<style>
            /* the style will only be used within the shadow dom */
            p {
                background: rebeccapurple;
                color: white;
            }
        </style>
        <p>Hello to <span id="content"></span></p>
    `;

    class HelloComponent extends HTMLElement {
        constructor() {
            super();
            //create shadow dom (open mode).
            this.attachShadow({mode: 'open'})
        }

        connectedCallback() {
            //clone template into shadow dom.
            this.shadowRoot.appendChild(template.content.cloneNode(true));
            //id's can be used without causing conflicts
            this.shadowRoot
                .querySelector('#content')
                .innerText = this.getAttribute('name');
        }
    }

    //register the hello-component
    customElements.define('hello-component', HelloComponent);
</script>
</body>
</html>
<!DOCTYPE html>
<html lang="en">
<head>
    <meta charset="UTF-8">
    <title>Chapter: 01</title>
</head>
<body>
<hello-component>
    <!-- add child element as slot -->
    <h1 slot="title">R10</h1>
</hello-component>

<script>
    const template = document.createElement('template');
    template.innerHTML = `
        <p>Hello to <slot name="title"></slot></p>
    `;

    class HelloComponent extends HTMLElement {
        constructor() {
            super();
            this.attachShadow({mode: 'open'})
        }

        connectedCallback() {
            //clone template into shadow dom. Slot will be rendered automatically.
            this.shadowRoot.appendChild(template.content.cloneNode(true));
        }
    }

    //register the hello-component
    customElements.define('hello-component', HelloComponent);
</script>
</body>
</html>

It is important to mention that the Shadow DOM specification is, by no means, a security feature. The contents of the hidden DOM can still be examined by using the development tools of a browser. Programmatic access to the Shadow DOM of a component is also possible, at least in open mode.

ES Modules

The ES Modules (ECMAScript Modules) standard was not developed as part of the Web Component specification. The API belongs to the ECMAScript 2015 specification which offers the ability to define JavaScript modules that allow (dynamic) importing and exporting of functions and data structures from within JavaScript files. ES Modules are natively supported in all major browsers. For Web Components, the standard provides the basis for assembling user interfaces from different files.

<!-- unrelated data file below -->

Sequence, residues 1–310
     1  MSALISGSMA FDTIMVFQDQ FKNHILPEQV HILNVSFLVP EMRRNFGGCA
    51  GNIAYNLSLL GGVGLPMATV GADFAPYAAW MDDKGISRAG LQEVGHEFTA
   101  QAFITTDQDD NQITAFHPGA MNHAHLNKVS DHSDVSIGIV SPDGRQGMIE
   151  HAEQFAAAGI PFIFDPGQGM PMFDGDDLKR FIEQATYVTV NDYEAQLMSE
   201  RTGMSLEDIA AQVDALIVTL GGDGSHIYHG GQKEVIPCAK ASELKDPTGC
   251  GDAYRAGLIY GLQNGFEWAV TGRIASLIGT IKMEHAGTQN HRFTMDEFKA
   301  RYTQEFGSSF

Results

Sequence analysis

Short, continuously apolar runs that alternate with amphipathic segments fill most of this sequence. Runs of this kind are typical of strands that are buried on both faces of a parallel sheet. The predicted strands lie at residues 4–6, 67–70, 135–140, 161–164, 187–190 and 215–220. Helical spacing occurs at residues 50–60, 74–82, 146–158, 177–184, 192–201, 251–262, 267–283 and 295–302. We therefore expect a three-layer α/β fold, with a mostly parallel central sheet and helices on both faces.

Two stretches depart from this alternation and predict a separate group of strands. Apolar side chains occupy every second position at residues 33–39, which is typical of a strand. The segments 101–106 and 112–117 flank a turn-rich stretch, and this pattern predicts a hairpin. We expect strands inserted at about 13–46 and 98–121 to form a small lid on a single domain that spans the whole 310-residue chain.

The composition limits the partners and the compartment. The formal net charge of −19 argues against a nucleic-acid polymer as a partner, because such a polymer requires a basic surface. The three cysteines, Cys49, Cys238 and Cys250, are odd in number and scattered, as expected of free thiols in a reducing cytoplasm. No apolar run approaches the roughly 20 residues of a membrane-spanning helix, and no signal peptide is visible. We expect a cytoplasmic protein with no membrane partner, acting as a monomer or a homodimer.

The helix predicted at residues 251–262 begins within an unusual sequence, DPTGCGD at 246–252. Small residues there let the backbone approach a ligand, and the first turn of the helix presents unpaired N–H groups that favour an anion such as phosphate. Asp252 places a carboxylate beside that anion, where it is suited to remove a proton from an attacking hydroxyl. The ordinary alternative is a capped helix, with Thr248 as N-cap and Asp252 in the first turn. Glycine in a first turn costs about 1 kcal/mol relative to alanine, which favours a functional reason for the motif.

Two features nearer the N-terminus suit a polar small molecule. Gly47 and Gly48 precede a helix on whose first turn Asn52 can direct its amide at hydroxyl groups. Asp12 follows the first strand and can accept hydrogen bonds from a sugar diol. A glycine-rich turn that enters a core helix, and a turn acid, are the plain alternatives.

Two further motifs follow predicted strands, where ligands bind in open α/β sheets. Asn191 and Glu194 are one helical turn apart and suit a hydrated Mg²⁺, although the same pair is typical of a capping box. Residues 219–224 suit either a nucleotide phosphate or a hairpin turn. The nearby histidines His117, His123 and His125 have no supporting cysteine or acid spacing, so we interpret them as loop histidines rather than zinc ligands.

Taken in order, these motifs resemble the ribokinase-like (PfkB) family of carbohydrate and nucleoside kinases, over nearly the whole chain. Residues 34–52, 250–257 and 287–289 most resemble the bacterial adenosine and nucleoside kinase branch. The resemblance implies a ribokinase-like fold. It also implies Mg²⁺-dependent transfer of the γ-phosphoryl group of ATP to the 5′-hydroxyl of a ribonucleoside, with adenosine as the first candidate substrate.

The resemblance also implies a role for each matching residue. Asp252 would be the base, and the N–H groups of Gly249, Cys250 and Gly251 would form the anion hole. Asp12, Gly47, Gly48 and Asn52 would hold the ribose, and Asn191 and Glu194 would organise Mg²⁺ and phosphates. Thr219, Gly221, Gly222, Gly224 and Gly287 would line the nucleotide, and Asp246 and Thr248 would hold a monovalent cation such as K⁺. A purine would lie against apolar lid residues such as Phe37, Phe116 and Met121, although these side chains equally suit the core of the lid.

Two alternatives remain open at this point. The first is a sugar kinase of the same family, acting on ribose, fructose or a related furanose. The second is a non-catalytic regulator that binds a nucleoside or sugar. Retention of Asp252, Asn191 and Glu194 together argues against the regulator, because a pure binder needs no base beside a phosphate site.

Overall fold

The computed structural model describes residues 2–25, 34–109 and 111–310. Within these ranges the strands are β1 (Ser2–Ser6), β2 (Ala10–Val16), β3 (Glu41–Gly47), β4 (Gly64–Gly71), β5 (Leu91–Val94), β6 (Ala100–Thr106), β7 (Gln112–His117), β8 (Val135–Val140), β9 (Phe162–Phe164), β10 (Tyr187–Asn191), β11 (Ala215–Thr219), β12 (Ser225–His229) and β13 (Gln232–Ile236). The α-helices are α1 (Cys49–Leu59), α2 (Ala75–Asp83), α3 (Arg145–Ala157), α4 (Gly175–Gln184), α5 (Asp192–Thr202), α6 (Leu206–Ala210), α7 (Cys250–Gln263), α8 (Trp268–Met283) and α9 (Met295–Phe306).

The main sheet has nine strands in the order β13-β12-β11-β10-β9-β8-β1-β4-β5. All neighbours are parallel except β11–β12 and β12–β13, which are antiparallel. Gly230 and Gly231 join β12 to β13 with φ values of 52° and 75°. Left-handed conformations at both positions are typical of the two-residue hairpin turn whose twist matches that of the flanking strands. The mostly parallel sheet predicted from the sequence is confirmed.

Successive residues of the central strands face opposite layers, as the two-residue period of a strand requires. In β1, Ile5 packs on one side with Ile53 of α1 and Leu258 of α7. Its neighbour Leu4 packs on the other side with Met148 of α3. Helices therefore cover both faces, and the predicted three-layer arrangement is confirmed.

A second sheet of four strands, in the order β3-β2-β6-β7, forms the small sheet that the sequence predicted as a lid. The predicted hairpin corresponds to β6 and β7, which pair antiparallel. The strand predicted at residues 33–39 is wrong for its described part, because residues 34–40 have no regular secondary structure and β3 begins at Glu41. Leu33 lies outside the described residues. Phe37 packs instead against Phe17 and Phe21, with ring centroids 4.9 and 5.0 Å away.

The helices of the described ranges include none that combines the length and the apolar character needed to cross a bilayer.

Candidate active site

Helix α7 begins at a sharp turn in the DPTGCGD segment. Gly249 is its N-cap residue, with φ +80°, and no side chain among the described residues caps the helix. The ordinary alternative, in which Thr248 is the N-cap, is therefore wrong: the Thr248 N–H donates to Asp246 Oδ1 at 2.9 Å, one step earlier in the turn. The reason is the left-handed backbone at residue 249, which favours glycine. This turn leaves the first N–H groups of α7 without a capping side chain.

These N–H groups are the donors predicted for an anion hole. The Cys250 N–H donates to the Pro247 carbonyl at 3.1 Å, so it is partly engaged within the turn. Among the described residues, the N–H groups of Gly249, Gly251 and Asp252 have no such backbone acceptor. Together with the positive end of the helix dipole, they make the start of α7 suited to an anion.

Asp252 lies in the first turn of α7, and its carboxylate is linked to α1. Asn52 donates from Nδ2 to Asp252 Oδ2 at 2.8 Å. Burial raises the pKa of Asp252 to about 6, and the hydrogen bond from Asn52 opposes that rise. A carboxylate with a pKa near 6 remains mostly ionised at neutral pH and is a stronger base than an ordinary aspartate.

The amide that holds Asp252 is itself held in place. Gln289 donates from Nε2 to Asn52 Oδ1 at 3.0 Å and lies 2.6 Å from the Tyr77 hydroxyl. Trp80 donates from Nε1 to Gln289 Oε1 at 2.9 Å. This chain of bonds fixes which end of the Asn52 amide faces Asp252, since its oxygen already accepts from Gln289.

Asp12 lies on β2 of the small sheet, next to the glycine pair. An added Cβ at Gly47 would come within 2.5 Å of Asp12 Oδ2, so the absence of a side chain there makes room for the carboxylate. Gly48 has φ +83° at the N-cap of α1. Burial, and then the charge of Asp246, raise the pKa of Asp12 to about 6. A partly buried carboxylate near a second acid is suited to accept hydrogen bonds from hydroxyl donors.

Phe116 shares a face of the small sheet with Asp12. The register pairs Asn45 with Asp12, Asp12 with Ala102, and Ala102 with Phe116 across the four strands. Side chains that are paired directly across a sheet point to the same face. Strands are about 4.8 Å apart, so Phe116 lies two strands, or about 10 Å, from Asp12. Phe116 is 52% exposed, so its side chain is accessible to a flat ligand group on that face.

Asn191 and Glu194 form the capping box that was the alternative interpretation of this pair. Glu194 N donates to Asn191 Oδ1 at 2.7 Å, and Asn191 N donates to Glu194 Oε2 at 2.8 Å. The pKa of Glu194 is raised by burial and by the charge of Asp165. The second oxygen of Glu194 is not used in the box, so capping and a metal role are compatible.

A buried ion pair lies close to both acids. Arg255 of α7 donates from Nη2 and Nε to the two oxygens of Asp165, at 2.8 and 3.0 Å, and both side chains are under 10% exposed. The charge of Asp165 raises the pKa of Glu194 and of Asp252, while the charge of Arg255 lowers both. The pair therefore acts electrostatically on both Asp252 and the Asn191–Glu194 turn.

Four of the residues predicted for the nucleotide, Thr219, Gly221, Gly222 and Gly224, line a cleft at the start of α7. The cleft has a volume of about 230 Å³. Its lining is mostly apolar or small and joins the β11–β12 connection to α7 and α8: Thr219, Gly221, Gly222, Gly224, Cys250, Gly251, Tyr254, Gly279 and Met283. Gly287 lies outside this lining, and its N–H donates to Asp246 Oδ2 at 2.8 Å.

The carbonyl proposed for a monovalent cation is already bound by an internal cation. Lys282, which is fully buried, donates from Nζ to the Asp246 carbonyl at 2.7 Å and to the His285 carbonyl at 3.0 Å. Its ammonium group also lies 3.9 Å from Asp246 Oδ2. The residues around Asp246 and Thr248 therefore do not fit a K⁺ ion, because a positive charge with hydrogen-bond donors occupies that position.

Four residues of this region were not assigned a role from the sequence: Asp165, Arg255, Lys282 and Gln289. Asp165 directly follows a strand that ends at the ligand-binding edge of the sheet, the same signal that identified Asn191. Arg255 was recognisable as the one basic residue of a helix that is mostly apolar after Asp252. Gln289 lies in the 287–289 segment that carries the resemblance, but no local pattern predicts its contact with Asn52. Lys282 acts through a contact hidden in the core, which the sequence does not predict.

Use-cases for web components

The primary use case for Web Components is to create framework-independent UI components. Thanks to the broad browser support, this is already possible today. The integration of native Web Components into single-page application (SPA) frameworks is very promising. In both Angular and Vue.js, Web Components can already be used without restrictions. The support in React is currently still in need of improvement. A detailed summary of the current status of the Web Component support in various frameworks can be found on this page.

It is possible to develop entire web applications exclusively on the basis of Web Components, without using any external libraries and SPA frameworks at all. This framework-less approach is, at least in theory, quite attractive. You no longer have to tie yourself to any third-party providers – all that’s needed is an official standard. Unfortunately, the APIs of the Web Component specification are relatively rudimentary. This means that in comparison to most of the common SPA frameworks, more code needs to be written to achieve the same thing. Lightweight libraries such as lit-html can help.

Conclusion

Web Components are a widely supported technology. The standard helps to avoid typical problems when developing web-based applications, such as the cross-framework reusability of components. Of course, this does not mean that any parts of an application are automatically interchangeable. The specification is mostly suitable for implementing technically driven components (e.g., special button elements or modal dialogs).

The Custom Element API is very rudimentary, so it might be helpful to use lightweight external frameworks or libraries when developing your own Web Components. For example, Stencil or skatejs offer promising approaches. These libraries help to create native and therefore interchangeable Web Components without having to use the, frankly said, cumbersome APIs directly.

Web Components are mainly driven by Google, which owns one of the most popular browsers on the market. So it’s definitely worth to take a closer look at the specification.

Stay tuned.

Author
API

Sven Kölpin

Sven Kölpin is an Enterprise Developer, Speaker and Author at open knowledge GmbH in Oldenburg. His focus and passion is the conception and development of web applications.